Gathering consumer insights and translating them into input for new-to-the-world products, services, business models or processes, is one of the most well established – not to mention popular - practices around. And for good reason. A consumer insight, defined as an intrinsic need or desire of the consumers to which a brand alludes with its solution offer, can be decisive for the correct placement (and ultimately, appeal) of whatever exits the innovation funnel. In fact, professional literature has even coined the term “consumer centric innovation” or CCI to describe the specific means by which successful companies leverage the wisdom and needs of users to create recognized brands.
But if consumer-centric entities are proficient at creating products that capture customers’ imaginations, provide entertaining experiences, and/or deliver solutions to previously unmet needs why do 80% of these products fail? A little over a decade ago, renown marketing scholar Gerald Zaltman synthesized his answer in a celebrated bestseller about the mind of the market. Today though, we realize that in some contexts not even the best of psychology, neuroscience, sociology, and linguistics can guarantee a product’s success. So how (ir)relevant has consumer research become? Should business leaders stop wasting their time? Does the type of innovation project even matter?
Some experts argue that spending vast amounts of the marketing budget on assembling focus groups, drafting questionnaires, developing expensive phone apps (ever heard of Over the Shoulder?) or even on leveraging RFID technology (Spychips predicted some chilling scenarios) to shamelessly invade the privacy of consumers and “extract” their beliefs and experiences – with or without their consent - is altogether pointless. Take Apple - its former iconic leader, Steve Jobs, was known to dismiss market research efforts on every occasion. His judgement was that customers don't know what they want until someone has shown it to them – a phrase later know as the Steve Jobs market research quote.
Yet Apple was never alone in its thinking. All major industry disruptors exhibit (to varying degrees) scepticism about their customers’ ability to articulate needs and predict futures. IKEA - unmatched in its innovative furniture retailing, Corning Glass - maker of the revolutionary Willow Glass or Genalice - a forerunner in the affordable gene map race are all using their own scenario mapping and future thinking skills as compasses, often going against what currently sells.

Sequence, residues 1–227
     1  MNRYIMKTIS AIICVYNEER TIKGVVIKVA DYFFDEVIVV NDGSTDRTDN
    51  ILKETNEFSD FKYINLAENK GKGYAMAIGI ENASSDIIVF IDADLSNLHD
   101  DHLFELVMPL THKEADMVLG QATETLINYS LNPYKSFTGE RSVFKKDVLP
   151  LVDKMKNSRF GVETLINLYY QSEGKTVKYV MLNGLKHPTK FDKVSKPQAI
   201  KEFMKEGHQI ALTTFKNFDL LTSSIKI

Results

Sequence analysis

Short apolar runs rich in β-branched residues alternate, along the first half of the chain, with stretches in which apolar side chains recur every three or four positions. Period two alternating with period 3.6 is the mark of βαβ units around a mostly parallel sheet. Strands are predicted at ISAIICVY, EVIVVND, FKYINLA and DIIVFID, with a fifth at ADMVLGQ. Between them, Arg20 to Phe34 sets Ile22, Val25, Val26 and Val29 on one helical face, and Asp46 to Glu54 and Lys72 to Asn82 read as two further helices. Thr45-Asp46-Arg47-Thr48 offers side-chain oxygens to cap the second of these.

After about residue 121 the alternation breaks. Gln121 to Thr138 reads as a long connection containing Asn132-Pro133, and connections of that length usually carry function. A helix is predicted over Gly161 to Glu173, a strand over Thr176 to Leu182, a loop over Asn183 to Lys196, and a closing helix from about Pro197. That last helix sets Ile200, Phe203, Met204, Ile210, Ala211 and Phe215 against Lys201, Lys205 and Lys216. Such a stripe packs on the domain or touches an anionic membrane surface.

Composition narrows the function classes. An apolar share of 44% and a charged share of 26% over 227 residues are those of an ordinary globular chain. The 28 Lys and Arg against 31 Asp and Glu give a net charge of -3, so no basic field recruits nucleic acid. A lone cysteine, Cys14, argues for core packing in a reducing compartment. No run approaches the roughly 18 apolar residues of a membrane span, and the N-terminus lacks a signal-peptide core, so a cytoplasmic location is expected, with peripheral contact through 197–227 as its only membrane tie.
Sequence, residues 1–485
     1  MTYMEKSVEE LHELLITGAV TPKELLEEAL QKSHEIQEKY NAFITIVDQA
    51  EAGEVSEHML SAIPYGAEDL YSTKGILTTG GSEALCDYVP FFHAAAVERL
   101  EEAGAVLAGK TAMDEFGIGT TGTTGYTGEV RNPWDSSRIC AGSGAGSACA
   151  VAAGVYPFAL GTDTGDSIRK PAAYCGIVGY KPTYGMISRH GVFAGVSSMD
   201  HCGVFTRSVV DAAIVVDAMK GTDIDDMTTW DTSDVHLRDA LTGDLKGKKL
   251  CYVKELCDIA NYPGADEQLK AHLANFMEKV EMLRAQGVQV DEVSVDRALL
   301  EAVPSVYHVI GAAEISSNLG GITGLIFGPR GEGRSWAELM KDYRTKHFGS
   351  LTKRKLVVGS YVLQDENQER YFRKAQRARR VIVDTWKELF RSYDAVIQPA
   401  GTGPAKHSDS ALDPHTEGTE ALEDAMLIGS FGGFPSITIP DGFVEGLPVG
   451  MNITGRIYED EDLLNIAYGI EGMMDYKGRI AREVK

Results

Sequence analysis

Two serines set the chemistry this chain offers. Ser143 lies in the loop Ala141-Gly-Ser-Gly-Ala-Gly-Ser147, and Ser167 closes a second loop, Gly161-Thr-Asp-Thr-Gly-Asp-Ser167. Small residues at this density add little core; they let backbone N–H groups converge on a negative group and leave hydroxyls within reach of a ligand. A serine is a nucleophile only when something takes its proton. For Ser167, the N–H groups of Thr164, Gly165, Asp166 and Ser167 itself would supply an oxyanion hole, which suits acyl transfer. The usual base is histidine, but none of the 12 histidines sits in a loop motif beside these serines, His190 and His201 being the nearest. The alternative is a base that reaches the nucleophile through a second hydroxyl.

We now understand that consumer insights alone cannot produce breakthroughs unless accompanied by a strong ability to "recognise" the future. What about the incremental side of the innovation coin? Do product managers at fast moving consumer goods or video game companies need to stop spending their marketing budgets and start meditating more? Not entirely.
For businesses mainly concerned with extensions of products already on the market consumer insights are far more valuable. The ways in which these insights are collected & interpreted can make a world of a difference, though. As Jeff Ready humorously notes in 2011 Forbes article, consumers are by no means always right. Neither are they always truthful, good at assessing purchase likelihood or competent at drawing competitor landscapes. What consumers do have, however, are all the answers – answers (or insights) that market research teams are in charge of extracting through a number of modern approaches - chiefly web-based or consumer behaviour analysis related. The “Jobs To Be Done” approach, for example, provides a fresh way of looking at customer needs and motivations in business settings. The framework, developed by Clayton Christensen, builds on the premise that consumers often buy things because they find themselves with a problem that they need to solve. Hence, by understanding the exact “job” for which a customer hires a product or service, companies can more accurately develop and market products well tailored to those specific needs.
Summing up, consumer research is far from obsolete and understanding consumer insights remains, for the most part, a decisive factor in the appeal of a new product, service, business or process innovation on the market. While disruptive innovation, with its forerunners Apple, IKEA, Corning or Genalice, offer a cautionary tale, incremental innovation projects still benefit greatly from practices designed to uncover and interpret consumers’ aspirations and needs.
What ultimately sets innovation successes and failures apart are: vision and a powerful weapon of choice – research weapon / method of choice that is.